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David Crosby Reveals Details on Solo Tour and CSNY 1974 Live Package

'I just want to make it a little longer and more complex,' he says of his future dates

November 7, 2013 9:25 AM ET
David Crosby
David Crosby
Francesco Lucarelli

David Crosby knows that a solo tour isn't his best career move from a business perspective, but he's hitting the road anyway this January to support his upcoming LP Croz. "I'm not going to make any money from this tour," he says. "Not a dime. Busses are hideously expensive, so instead I'm going to do short residences in five cities, staying in each place for a few days where we can work in fine brush strokes and try to do nuances and the best work we can possibly do."

The show will begin with a complete performance of Croz and after an intermission he'll delve his his deep catalog, though he's a little unsure about reviving any Byrds songs. "That's reaching pretty far back," he says. "I won't do that unless there's a song that really thrills us, and there's a couple [Byrds songs] that might work. It's really about the song. It's not about trying to evenly distribute it all through my career or anything like that. We wanna do stuff that excites us."

See Where Crosby, Stills, Nash & Young's 'Deja Vu' Ranks on Our 500 Greatest Albums of All Time

Material from the Crosby, Stills, Nash (and sometimes Young) catalog will definitely make the final cut. "We're gonna veer towards stuff like 'Long Time Gone' and 'Deja Vu,'" he says.  "I can see us taking 'Deja Vu' and really stretching it out. That would really suit this band. I just want to make it a little longer and more complex. People expect me to play 'Almost Cut My Hair,' and so I'm not gonna play it." 

Crosby is most excited about reviving songs from his 1971 LP If I Could Only Remember My Name, his most beloved solo work which featured contributions from Jerry Garcia, Joni Mitchell, Neil Young, Grace Slick and many others. "I'm very tempted to play 'Laughing,' 'Tamalpais High,' 'Cowboy Movie' and 'Music Is Love,'" he says. "Some things on that record are pretty un-performable, like the ending song ['I'd Swear There Was Somebody Here']. I don't imagine anybody can perform that, least of all me."

He'll be backed by the same band that worked with him on Croz, including drummer Steve DiStanislao, guitarist Shane Fontayne, guitarist Marcus Eaton, bassist Kevin McCormick and his son James Raymond on keyboards. "Marcus helped us write at least two of the tunes and played most of the acoustic guitar on this record," says Crosby. "He has this eerie capability of sounding exactly like me."

The tour wraps up February 25th, 2014 after a three-night stand at the Troubadour in Los Angeles, and Crosby's plans beyond that are unclear. "I don't know what's going to happen with my summer," he says. "It will either by CSN or, and I hesitate to even say it, but the Bridge School Benefit went well the other week, so possibly CSNY. But that's a complete unknown quantity until I hear something from Neil."

Crosby, Stills, Nash and Young played their first gig since 2006 at the Bridge School Benefit in late October. Did Young bring up the possibility of a tour at any point? "No," says Crosby. "He was, as usual, concentrating on the music. But you know Neil, he's got his antennas up. He is paying attention. He may not look like it, but he is. The shows felt really good, so that bodes well. We have no idea though. I stress that. I repeat that. We have no idea."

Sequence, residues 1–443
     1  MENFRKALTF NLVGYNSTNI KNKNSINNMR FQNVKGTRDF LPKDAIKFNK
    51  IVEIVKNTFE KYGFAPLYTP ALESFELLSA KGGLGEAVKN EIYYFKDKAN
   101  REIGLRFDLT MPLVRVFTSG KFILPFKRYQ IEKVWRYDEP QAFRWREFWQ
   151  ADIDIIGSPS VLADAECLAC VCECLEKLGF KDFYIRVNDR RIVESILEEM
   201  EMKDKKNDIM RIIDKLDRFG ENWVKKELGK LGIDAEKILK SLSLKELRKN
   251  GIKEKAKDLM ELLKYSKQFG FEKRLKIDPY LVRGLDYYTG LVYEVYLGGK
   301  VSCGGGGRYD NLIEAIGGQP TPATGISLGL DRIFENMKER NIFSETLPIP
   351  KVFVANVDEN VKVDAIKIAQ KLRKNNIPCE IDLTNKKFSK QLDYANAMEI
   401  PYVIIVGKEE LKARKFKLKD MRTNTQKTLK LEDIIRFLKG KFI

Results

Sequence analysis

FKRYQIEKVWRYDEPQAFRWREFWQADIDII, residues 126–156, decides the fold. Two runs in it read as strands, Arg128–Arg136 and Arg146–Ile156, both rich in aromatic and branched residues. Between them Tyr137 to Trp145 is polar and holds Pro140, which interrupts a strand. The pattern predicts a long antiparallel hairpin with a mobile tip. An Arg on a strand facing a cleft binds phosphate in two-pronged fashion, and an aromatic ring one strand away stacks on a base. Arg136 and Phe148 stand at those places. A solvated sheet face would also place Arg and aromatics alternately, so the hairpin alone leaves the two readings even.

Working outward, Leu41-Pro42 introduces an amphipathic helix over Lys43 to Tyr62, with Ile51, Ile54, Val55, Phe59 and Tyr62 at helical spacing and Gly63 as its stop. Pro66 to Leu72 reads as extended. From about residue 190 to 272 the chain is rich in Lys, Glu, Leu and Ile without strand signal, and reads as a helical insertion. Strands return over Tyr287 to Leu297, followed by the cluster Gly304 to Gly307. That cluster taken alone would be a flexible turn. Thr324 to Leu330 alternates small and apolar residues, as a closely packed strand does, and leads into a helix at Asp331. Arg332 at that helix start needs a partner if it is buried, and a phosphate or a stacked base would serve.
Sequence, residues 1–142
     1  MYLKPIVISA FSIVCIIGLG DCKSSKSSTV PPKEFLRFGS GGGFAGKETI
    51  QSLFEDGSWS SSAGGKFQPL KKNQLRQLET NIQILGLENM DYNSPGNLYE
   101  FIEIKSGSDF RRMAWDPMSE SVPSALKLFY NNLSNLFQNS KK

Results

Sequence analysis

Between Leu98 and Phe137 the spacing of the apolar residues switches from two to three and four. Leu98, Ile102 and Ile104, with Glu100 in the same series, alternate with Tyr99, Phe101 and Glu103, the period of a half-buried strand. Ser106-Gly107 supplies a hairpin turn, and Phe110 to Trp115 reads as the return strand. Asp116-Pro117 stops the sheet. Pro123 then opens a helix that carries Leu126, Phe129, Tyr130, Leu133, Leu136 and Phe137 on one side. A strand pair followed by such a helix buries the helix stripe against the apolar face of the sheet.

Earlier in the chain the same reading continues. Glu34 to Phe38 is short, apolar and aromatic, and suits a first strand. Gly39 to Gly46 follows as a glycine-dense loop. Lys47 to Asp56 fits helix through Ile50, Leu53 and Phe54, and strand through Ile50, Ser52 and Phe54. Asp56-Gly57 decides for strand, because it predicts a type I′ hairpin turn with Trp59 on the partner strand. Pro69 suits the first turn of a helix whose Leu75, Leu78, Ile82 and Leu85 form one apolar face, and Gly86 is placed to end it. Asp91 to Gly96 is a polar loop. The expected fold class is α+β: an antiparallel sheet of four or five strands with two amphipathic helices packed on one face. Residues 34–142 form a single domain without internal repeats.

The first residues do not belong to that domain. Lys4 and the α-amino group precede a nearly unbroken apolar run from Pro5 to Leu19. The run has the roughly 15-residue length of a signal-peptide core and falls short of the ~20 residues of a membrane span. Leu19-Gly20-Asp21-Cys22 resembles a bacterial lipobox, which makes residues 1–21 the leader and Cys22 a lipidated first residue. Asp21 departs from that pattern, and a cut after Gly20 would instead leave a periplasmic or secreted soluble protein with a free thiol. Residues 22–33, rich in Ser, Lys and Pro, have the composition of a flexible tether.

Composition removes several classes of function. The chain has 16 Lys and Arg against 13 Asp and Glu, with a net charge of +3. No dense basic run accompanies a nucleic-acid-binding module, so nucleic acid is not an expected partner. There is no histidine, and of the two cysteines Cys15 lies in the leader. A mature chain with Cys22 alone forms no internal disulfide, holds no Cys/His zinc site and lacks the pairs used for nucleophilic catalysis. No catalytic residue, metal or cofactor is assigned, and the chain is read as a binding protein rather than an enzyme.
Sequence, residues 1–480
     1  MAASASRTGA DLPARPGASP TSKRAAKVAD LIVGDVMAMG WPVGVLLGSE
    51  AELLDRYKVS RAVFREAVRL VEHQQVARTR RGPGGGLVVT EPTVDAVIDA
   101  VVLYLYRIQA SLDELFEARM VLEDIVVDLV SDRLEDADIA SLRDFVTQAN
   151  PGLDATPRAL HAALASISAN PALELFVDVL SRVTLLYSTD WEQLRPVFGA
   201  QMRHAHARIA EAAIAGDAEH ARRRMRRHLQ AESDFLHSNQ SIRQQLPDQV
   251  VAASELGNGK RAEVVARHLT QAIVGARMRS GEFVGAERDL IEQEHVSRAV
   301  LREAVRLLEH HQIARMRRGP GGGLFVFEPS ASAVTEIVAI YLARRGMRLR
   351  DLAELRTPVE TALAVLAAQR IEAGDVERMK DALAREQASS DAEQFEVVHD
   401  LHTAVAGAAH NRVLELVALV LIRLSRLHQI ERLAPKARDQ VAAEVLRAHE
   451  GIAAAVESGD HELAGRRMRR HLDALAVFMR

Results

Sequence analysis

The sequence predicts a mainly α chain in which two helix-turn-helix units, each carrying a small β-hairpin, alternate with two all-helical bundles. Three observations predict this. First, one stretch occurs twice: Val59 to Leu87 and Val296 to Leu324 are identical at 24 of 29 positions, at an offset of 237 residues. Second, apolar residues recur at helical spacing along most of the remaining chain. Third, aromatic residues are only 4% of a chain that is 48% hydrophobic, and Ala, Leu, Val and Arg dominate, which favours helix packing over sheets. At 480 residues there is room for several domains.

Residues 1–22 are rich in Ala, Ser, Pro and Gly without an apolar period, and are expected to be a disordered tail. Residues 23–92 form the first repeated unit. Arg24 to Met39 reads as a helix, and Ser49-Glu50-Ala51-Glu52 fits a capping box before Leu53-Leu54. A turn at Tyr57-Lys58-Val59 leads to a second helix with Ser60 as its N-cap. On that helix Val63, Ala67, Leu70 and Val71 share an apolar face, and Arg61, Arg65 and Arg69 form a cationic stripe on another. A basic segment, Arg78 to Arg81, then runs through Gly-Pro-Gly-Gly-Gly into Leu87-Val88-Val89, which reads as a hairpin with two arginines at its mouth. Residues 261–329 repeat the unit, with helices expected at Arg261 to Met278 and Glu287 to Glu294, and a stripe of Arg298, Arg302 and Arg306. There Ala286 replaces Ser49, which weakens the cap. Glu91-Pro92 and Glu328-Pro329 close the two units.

The quartet performed Neil Young's new song "A Singer Without a Song" as well as at the new Stephen Stills composition "Don't Want Lies" at the show. "It made me really happy," says Crosby. "I love Neil's new song. I thought it was beautiful. Graham [Nash] has a new song he wrote with my son James called "Burning for the Buddha" that's so much fun to do onstage. There's life in this. A person's work is the window into their soul. If you see new work, quality work, coming out of us, then we are not dead." 

One might think that Neil Young will have to determine whether or not he wants to do a CSNY tour next year sometime within the next few months so organizers have time to book it. "That's sensible and logical," says Crosby. "But that doesn't always apply with Neil. It would be nice to know sometime soon, but I can't torture myself about it . . . I would dearly love for it to happen, but it's not up to me. I'm not in charge. I do think there is more music to be made, really good music. I love it when it's just the four of us onstage with acoustic guitars, a piano and a pump organ. That's because it becomes all about the songs. It really strips it all down." 

Whether or not CSNY hits the road next year, Crosby is convinced that the long-awaited box set from their 1974 reunion tour will finally come out. "It should come out in March or April, something like that," he says. "It got pushed back for good reason. We're gonna put a DVD with it. We have pieces from about eight separate shows." There is a complete film of their tour-closing marathon show at London's Wembley Stadium, but don't expect that to make it onto the package. "Nope," says Crosby. "We were a little too jittery that night."

 

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